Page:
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Pfizer moves away from centralised online med ed applications

Pfizer is trying to win back accredited education providers who may have been turned off by Big Pharma's newer online grant application systems, which currently dominate in the US

Pfizer is trying to win back accredited education providers who may have been turned off by Big Pharma's newer online grant application systems, which currently dominate in the US.

At the same time, however, non-accredited medical education firms will be discouraged from applying directly.

The newer online marketing systems increasingly taken up by pharmaceutical companies have replaced the drug rep in the US, who had been the main point of contact for providers like community hospitals.

In an interview with US-based Medical Media and Marketing, Maureen Doyle-Scharff, a director of the medical education group at Pfizer, said: "These centralised grant systems may have been the right way to go at the time, but they forced large and small providers alike to operate within the same bureaucratic maze."

"Smaller providers are running a CME programme on a shoestring, and when they're seeking support, it's usually not a lot. Local providers have said to me it's not even worth submitting applications for activities such as grand rounds," added Doyle-Scharff.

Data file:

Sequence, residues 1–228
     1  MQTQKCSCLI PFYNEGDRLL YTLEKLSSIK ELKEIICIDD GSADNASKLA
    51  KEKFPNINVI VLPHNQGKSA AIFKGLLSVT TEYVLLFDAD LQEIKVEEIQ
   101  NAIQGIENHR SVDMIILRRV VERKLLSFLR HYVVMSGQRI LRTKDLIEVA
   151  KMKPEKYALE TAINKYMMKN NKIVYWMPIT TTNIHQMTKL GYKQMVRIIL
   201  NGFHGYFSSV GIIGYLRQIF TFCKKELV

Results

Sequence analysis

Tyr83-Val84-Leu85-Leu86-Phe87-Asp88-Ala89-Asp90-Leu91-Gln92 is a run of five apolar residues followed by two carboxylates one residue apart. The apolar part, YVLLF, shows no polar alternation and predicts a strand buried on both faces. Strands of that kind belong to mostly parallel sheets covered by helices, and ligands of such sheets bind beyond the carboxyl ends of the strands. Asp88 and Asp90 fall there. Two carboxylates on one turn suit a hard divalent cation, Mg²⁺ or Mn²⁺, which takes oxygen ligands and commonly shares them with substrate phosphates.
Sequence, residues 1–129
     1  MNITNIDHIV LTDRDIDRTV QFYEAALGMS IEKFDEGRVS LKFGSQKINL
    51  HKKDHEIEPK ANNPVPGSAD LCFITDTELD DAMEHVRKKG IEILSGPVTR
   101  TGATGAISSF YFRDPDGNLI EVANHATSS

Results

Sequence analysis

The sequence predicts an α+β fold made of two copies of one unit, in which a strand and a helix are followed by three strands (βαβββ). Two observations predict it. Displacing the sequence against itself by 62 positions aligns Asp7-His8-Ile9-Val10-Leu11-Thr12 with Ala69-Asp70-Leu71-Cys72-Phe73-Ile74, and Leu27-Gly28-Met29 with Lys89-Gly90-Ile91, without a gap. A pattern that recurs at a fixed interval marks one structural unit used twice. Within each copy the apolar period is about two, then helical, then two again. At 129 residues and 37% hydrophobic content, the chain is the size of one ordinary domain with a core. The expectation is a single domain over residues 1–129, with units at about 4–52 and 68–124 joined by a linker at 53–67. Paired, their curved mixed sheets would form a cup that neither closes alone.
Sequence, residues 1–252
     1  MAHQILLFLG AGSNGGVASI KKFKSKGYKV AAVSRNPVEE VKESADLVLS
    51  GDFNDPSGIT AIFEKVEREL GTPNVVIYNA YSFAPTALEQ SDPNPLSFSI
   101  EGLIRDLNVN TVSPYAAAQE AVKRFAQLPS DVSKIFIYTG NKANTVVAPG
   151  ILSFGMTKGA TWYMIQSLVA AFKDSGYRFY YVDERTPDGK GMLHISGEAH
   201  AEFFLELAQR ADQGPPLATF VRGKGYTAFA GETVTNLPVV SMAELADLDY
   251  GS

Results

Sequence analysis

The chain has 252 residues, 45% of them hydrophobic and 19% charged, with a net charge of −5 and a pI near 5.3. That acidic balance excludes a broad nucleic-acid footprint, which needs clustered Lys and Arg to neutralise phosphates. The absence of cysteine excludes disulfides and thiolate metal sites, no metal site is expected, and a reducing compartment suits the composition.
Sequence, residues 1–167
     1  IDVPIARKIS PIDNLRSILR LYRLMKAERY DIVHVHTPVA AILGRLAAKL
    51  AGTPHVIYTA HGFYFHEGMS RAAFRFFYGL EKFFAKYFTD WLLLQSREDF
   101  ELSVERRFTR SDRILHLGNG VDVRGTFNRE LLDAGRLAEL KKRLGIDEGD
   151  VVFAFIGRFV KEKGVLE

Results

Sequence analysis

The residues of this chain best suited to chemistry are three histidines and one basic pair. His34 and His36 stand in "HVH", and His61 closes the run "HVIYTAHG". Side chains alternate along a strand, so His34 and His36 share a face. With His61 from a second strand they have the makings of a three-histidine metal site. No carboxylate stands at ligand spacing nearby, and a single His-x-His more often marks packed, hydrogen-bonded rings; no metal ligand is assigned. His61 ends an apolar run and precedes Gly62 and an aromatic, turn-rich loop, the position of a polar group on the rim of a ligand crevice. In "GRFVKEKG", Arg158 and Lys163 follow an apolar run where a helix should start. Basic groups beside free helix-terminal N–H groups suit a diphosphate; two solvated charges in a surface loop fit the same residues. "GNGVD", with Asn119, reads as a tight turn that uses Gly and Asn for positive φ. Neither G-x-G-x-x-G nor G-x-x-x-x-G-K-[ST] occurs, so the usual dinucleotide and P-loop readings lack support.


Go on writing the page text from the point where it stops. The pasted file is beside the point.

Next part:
Pfizer, which is of the largest supporters of industry-funded CME in the US, is now offering what it says is a kinder, gentler grant management portal, with user-friendly features built in based on user feedback.

Only accredited providers are able to register and they can be accredited by the Accreditation Council for CME in the US (ACCME), the Accreditation Council for Pharmacy Education (ACPE) or, in the case of a hospital, the Joint Commission on the Accreditation of Healthcare Organisations.

Launched on 4 January, is part of wider activities at the firm to restore funding to community hospitals and state chapters of specialty societies while better targeting grants to areas of greatest need.

The new system requires that individuals applying for grants be the ones responsible for the education. Many accredited MECCs will fall into the category of level-three providers (corresponding to the level of outcomes they can produce), the level which Pfizer wants to support.

However, non-accredited MECCs would need to change their business model to focus more on teaching hospitals, which seek to broaden their competencies through instructional design and medical writing.

Pfizer will begin to phase out so-called capabilities presentations, during which non-accredited MECCs meet with drug companies to showcase their services, Doyle-Scharff concluded.

15th January 2008


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